What is ‘Airbnbust’ and How Can Real Estate Investors Navigate it?

The oversaturation of short-term rentals combined with increased local regulations has made it more difficult to succeed as a short-term rental investor.

Vivian Tejada
Last Updated
June 28, 2023
What is ‘Airbnbust’ and How Can Real Estate Investors Navigate it?

Many property owners use listing platforms to sustain their short-term rental businesses. Whether they host on Airbnb, Vrbo, or another vacation rental platform, they generate rental income by hosting residential space on a short-term basis, usually for 30 days or less. 

The process of renting out a long-term rental on a short-term basis is referred to as rental arbitrage. This strategy can be a profitable and convenient way of generating rental income off of space that wasn’t being used, such as a spare bedroom in your apartment or an in-law unit in your home. 

In many cases, investors could implement rental arbitrage without having to own the property themselves — as long as their landlord and lease allow it. With such low barriers to entry and high profit potential, short-term rentals (STRs) quickly became popular. In fact, it became so popular that the industry has now become oversaturated. 

When STRs began popping up all across the country, Airbnb certainly supported a lot of these rentals. Whether you needed a room, an entire home, or a bungalow in the middle of the forest, you could pretty much find it on Airbnb. 

The abundance of Airbnbs led to an oversupply on the platform and consequently, a reduction in daily rates. The Airbnb business soon became much less profitable than it once was, resulting in the ‘Airbnbust.’

Airbnbust, explained

The Airbnbust, or Airbnb-bust, is a worldwide phenomenon characterized by a rapid increase in supply of vacation rentals on the platform. Oversupply has made it more difficult for the average Airbnb host to compete, given that the supply of vacations on the platform is surpassing demand.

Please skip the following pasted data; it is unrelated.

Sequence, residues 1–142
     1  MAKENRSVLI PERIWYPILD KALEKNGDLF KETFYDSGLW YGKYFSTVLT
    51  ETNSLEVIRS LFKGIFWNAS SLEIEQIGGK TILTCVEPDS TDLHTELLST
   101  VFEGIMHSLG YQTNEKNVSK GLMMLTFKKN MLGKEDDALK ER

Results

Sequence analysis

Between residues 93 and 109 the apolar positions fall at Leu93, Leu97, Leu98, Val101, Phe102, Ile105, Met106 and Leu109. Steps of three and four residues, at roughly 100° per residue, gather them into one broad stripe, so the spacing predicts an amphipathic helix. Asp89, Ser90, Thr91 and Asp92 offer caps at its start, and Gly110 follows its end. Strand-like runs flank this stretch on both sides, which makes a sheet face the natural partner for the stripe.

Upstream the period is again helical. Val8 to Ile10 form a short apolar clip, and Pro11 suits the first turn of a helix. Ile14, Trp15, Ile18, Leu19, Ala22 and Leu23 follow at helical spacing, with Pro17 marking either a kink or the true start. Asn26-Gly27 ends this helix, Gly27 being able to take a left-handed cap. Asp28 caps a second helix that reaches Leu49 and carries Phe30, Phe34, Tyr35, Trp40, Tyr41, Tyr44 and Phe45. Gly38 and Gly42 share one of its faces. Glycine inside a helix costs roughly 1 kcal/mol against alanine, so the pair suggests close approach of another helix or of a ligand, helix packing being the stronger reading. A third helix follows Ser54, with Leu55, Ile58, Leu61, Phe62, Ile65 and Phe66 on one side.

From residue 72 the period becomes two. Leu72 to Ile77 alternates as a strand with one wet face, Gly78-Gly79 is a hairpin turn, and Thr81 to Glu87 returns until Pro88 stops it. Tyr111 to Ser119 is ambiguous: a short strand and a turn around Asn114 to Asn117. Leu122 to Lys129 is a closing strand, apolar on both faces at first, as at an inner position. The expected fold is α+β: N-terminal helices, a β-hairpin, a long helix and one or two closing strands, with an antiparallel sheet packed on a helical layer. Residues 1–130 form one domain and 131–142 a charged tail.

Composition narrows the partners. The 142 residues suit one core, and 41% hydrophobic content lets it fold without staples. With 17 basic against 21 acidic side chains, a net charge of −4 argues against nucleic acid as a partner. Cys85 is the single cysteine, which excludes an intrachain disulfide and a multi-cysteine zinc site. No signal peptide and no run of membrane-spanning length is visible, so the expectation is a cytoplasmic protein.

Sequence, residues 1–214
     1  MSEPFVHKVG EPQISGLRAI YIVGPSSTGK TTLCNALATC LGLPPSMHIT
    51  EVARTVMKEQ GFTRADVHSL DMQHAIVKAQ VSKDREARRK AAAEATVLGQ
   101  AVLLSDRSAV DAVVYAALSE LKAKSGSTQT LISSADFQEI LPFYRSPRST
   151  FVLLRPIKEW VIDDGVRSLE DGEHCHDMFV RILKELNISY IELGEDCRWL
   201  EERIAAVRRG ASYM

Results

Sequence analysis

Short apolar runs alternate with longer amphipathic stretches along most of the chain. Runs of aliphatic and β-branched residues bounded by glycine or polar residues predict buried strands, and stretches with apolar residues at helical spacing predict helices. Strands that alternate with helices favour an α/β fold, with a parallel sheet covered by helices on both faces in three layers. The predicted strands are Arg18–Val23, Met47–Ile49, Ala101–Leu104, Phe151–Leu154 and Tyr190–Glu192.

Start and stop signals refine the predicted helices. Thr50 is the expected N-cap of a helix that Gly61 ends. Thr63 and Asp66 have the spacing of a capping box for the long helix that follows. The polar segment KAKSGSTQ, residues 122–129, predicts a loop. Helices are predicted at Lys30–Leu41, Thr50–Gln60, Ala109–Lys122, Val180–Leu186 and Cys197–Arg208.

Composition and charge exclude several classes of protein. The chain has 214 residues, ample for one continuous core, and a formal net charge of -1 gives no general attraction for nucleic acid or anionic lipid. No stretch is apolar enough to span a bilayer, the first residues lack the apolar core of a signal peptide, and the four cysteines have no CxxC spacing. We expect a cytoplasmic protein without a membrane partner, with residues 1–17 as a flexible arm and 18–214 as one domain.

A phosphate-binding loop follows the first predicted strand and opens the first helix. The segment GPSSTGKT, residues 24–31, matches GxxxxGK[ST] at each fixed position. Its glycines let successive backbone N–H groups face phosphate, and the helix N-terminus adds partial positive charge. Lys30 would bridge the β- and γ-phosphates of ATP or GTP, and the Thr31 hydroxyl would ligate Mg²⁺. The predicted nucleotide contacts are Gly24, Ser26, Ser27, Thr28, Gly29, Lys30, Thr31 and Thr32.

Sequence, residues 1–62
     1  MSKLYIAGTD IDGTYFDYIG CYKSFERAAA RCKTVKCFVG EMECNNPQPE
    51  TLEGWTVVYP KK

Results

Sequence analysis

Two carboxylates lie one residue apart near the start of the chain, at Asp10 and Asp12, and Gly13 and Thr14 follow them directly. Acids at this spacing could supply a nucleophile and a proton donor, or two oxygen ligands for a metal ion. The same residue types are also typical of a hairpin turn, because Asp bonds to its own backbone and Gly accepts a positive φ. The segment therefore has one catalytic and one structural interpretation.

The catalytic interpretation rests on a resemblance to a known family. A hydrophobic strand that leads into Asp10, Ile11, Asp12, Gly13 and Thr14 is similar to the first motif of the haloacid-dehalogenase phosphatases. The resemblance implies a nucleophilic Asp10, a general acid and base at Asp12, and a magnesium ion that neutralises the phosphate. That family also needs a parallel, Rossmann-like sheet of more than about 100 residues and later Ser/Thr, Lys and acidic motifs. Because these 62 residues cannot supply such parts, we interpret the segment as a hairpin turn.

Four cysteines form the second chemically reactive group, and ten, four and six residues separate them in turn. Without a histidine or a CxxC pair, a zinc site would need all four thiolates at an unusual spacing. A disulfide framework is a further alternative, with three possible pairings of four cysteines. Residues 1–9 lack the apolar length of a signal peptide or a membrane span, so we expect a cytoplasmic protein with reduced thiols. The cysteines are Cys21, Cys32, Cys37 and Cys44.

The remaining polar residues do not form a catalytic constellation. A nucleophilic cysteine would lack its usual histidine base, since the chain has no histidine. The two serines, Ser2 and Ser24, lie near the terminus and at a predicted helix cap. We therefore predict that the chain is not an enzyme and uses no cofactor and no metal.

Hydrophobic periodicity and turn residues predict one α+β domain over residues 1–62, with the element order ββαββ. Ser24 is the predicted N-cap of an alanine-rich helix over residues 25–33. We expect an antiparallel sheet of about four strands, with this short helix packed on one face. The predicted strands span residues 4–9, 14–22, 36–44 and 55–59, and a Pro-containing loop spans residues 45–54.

As a result of this imbalance in the market, hosts are now seeing a decrease in potential earnings, making the Airbnb business less alluring than in its earlier days. The decline in profitability for Airbnbs can be attributed to three key trends:

1. Increased supply limits cash flow potential

The first thing to note is that when supply outpaces demand in any industry, prices go down. The more Airbnb propeties on the market, the smaller the chances of your Airbnb being booked and the less you’ll be able to charge per night.

According to AirDNA, available listings reached 1.43 million in April of this year, marking a 18.9% year-over-year increase. Demand has only grown 12.6% in the same amount of time, which means that supply is currently outpacing demand. As a result, hosts have less of an opportunity to capitalize on cash flow and have to work harder to make their rentals stand out. 

Despite high mortgage rates dissuading prospective buyers from purchasing second homes, AirDNA forecasts a further 9% increase in supply in 2023. This could be because in order to host an Airbnb property, you don’t necessarily need to own it, you just need to be able to manage it. As more vacation rentals appear on the platform, Airbnb hosts will likely see their profit margins dip even further. 

2. Occupancy rates are decreasing and average daily rates are growing slowly

The decline in cash flow potential is directly tied to lower occupancy rates. Although occupancy rates for 2023 are expected to remain above pre-pandemic levels, AirDNA predicts that they will drop to 56.4%, marking a decline in occupancy rates for the second year in a row. 

A healthy occupancy rate for an Airbnb rental is above 50%, so hosts can remain profitable if they choose to stay or break into the market in 2023. But their earnings won’t be as lucrative given that AirDNA also predicts only a slight increase in ADRs of 1.7%. The most profitable days on Airbnb seem to be behind us. 

3. Local governments are implementing stricter regulations on short-term rentals

During the early stages of Airbnb, short-term rentals operated with minimal regulations. However, local governments are now implementing stricter rules for short-term rentals in response to concerns that a surplus of vacation rentals limits the availability of affordable long-term housing.